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Drake’s Two Birds One Stone

Let me preface this article by stating that first and foremost, I am a fan of Drake. However, often times, being a fan means being able to look at a celebrity and see them for what they are while being able to criticize them because bias can’t cloud your better judgement.

So yes, even Drake can make mistakes.

 

 

Last week, Drake released new songs on his birthday. His song, ‘Two Birds, One Stone’ created a large controversy for lyrics that seemed to be aimed at Kid Cudi who recently checked himself into rehab for depression.

 

The lyrics in question happened to be:

“You were the man on the moon

Now you go through your phases

Life of the angry and the famous”

 

He then goes on to say,

“You stay xanned and perked up

So when reality set in, you don’t got to face it”

 

And then he raps,

“Look what happens when you talk to me crazy…

Is you crazy?”

 

These lyrics clearly have several problems. First of all, they go on to mock Kid Cudi for his public announcement where he told fans that he has been depressed for a while and was going to rehab to get better. They also belittle his depression as a “phase” and as simply being part of the life of “the angry and the famous.” They make it seem like depression is a cause of not being in reality and that people with mental illnesses are “crazy.”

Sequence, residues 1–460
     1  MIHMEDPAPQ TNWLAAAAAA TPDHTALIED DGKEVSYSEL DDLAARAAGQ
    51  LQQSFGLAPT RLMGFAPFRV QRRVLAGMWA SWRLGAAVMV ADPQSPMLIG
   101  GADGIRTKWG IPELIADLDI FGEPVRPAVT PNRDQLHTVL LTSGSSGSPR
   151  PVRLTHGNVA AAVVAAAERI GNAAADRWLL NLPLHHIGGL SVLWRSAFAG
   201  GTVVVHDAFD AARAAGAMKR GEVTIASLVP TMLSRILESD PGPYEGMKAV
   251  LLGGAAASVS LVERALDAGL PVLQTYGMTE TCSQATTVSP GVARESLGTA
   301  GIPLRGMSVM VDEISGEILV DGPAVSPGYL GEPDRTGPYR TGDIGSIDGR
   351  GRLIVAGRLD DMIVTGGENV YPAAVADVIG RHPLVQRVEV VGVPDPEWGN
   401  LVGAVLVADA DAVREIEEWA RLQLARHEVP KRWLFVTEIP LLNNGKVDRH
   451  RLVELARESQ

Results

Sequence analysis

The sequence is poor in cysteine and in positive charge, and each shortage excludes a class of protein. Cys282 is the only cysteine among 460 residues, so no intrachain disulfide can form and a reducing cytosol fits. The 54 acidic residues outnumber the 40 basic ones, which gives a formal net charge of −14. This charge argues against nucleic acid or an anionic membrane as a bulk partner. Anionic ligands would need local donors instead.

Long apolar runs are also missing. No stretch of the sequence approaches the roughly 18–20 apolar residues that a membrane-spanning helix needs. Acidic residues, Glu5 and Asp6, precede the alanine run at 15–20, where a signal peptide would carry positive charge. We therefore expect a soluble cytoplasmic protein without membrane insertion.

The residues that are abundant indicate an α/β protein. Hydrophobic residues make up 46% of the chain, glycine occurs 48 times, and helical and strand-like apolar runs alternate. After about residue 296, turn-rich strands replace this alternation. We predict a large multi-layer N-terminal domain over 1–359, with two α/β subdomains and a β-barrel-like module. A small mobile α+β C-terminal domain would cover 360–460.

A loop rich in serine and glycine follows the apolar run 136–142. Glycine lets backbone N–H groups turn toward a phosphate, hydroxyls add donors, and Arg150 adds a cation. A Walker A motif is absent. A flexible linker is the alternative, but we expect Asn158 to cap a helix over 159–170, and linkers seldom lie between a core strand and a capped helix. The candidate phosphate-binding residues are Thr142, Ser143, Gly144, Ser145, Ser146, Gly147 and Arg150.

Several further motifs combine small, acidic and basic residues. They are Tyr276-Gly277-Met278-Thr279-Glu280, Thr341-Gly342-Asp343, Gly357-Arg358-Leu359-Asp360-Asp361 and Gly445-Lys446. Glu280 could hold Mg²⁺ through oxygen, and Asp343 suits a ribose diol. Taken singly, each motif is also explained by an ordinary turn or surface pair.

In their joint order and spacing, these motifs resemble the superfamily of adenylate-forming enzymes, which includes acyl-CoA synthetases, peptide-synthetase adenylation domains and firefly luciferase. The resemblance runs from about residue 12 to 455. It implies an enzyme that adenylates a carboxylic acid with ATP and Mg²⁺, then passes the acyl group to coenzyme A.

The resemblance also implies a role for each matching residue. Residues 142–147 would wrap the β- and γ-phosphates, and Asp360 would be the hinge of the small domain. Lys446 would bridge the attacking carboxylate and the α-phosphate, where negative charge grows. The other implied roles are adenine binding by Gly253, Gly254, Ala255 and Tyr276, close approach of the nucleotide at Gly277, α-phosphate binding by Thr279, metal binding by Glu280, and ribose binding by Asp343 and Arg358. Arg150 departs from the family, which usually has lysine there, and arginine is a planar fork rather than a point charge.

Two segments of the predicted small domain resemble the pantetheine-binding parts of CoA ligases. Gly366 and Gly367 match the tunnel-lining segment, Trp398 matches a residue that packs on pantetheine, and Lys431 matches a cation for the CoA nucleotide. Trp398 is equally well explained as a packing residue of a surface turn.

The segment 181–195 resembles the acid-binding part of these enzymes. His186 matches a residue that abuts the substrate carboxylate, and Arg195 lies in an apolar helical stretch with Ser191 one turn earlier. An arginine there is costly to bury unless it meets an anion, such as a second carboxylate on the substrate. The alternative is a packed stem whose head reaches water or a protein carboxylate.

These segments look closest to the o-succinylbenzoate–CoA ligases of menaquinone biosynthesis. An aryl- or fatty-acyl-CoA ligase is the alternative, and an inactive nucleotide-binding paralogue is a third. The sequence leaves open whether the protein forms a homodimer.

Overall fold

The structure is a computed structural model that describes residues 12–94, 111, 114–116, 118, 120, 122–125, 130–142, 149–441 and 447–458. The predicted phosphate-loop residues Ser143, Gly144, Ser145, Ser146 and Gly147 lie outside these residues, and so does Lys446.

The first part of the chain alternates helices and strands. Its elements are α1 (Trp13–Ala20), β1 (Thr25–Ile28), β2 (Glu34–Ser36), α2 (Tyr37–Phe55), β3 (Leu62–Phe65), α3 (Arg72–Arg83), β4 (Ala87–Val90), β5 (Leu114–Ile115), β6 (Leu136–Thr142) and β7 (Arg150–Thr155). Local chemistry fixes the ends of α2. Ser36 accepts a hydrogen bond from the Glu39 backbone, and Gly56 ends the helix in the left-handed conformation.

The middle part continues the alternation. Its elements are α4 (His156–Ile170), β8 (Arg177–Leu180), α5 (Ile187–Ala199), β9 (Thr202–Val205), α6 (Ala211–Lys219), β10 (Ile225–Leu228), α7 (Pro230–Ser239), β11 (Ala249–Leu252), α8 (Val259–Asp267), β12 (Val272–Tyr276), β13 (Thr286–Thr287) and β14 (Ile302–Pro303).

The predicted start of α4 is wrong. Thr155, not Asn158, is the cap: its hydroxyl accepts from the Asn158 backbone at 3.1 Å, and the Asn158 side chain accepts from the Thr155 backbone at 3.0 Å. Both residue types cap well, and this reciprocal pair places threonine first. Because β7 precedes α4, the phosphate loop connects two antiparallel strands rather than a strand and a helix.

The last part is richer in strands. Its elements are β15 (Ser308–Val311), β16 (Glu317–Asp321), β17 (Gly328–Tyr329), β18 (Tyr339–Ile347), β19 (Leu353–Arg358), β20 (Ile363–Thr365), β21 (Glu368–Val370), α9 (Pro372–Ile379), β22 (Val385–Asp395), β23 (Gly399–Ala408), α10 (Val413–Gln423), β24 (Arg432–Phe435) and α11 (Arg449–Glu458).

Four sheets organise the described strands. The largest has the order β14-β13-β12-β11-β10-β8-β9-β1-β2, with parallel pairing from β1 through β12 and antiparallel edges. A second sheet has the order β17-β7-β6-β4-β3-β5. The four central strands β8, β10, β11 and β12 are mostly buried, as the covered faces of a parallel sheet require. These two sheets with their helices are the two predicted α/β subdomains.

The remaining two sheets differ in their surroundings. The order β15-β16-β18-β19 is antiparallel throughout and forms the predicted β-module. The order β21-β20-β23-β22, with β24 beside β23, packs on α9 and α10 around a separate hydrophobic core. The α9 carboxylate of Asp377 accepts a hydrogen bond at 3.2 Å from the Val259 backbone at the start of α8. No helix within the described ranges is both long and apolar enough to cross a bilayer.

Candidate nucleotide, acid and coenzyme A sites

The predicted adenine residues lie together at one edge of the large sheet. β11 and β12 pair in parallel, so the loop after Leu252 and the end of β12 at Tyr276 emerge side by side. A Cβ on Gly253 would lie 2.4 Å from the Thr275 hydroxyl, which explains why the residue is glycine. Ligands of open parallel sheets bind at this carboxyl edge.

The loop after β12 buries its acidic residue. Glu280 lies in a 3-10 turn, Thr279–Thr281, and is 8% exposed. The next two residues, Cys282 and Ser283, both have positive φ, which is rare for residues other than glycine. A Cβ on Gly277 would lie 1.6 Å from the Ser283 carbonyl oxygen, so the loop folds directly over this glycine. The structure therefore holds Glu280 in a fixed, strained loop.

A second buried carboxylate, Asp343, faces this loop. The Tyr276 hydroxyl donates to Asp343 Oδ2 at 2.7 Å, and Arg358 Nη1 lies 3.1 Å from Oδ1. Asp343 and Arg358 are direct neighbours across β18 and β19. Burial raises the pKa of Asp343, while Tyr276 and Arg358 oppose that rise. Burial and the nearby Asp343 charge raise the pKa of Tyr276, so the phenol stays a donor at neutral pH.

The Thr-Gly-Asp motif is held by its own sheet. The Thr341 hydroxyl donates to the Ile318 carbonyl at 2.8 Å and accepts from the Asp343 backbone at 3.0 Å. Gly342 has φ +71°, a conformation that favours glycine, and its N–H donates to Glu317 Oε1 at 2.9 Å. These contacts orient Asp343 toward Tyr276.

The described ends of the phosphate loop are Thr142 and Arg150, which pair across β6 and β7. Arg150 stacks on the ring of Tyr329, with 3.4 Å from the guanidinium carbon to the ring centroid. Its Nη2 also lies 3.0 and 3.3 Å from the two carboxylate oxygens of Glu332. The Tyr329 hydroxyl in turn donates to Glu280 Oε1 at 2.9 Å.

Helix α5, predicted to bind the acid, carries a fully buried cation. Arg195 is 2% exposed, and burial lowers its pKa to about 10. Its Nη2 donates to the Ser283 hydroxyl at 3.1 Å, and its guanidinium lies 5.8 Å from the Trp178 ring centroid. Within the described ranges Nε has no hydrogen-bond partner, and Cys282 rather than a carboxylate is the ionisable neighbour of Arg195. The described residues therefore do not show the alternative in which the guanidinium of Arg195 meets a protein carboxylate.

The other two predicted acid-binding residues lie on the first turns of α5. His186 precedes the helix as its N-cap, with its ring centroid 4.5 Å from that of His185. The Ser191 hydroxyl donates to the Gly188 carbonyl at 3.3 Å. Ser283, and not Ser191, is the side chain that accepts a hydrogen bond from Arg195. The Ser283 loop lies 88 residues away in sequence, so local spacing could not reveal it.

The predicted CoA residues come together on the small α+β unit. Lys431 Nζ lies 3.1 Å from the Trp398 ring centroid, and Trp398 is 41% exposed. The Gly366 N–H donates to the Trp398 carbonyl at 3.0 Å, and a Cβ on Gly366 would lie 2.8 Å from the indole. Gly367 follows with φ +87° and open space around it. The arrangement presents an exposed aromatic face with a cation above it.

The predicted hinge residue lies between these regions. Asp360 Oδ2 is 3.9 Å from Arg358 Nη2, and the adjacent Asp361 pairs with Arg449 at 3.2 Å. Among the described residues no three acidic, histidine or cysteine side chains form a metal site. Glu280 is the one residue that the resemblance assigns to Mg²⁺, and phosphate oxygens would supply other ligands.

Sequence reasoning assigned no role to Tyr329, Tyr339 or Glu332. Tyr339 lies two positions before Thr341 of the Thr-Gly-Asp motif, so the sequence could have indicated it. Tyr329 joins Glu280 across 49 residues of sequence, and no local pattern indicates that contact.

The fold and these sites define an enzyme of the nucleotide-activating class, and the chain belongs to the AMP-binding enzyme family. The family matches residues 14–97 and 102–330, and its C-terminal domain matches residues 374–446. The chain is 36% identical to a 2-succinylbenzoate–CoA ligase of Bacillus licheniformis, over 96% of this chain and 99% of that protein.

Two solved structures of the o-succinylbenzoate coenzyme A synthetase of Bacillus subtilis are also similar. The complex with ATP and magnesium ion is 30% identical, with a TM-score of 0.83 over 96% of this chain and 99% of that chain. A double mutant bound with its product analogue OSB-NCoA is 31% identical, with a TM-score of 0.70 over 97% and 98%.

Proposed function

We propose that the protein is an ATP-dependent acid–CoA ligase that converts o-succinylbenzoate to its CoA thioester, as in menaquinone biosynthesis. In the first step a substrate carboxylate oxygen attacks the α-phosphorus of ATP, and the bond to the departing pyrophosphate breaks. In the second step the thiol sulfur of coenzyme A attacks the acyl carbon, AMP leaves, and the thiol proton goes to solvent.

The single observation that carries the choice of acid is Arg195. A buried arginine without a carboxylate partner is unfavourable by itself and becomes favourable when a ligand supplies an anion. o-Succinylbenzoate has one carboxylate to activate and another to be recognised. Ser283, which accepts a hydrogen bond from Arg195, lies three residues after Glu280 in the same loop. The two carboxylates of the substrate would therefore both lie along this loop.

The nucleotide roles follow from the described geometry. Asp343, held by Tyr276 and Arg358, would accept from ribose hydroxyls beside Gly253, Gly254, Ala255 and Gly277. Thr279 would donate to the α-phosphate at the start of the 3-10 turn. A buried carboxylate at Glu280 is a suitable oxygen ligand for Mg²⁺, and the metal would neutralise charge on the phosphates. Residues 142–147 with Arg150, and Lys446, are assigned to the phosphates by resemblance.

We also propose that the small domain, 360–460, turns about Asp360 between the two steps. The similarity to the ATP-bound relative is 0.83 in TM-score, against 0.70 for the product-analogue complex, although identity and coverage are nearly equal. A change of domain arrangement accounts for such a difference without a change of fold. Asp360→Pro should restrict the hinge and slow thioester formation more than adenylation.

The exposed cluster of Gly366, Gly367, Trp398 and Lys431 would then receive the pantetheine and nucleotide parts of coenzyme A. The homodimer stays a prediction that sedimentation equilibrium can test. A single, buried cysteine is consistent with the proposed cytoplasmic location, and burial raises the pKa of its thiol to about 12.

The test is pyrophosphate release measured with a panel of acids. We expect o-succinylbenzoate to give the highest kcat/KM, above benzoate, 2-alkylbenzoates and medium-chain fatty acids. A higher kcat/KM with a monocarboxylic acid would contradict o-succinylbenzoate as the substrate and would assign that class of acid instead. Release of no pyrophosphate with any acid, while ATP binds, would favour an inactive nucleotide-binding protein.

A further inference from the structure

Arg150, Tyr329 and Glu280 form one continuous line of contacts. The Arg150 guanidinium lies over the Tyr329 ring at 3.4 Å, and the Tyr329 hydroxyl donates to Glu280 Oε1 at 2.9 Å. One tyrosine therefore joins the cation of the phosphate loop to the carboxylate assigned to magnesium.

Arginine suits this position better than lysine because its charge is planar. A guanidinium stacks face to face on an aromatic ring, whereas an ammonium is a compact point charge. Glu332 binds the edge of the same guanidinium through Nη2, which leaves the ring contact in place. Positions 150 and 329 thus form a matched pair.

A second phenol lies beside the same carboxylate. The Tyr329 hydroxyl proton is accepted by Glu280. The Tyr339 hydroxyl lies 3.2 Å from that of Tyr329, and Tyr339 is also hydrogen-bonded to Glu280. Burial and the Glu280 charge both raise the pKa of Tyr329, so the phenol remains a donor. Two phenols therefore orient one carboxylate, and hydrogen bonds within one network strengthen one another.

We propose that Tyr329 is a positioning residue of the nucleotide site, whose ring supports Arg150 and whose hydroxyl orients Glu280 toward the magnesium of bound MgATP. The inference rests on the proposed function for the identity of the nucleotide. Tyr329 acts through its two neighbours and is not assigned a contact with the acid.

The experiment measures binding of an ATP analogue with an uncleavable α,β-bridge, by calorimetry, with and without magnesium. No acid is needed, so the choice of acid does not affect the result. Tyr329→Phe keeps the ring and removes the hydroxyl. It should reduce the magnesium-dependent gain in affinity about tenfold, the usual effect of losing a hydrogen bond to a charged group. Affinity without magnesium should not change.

There was mention that those lyrics were written before Cudi made his announcement but they are so specific that it makes it questionable, as well as the fact that even if it was done before, the song shouldn’t have been released with knowledge of Cudi’s condition.

Many fans took to Twitter to express their anger at Drake, including many of his own fans who were upset that he would take such a cheap shot at Kid Cudi.

 

 

The real issue with Drake’s lyrics is that he has such a large platform. While many of his fans were outraged by his lyrics, there are probably many who were not. Drake, who holds a really impactful position in society, able to change and shape the views of many young and impressionable people, should be using that to better society, not perpetuate stereotypes. The idea behind diss tracks like this one are so terribly focused on being masculine, strong and better than everyone else in the industry. Artists that create “diss tracks” ignore that there can be real issues that arise from rhyming a few words together.

 

As a Drake fan, I was upset he’d put something like this out. Celebrities should be held to a higher standard, they shouldn’t be able to make comments and create tracks like this one without being held accountable.

 

 

 

USC - CLASS OF 2018
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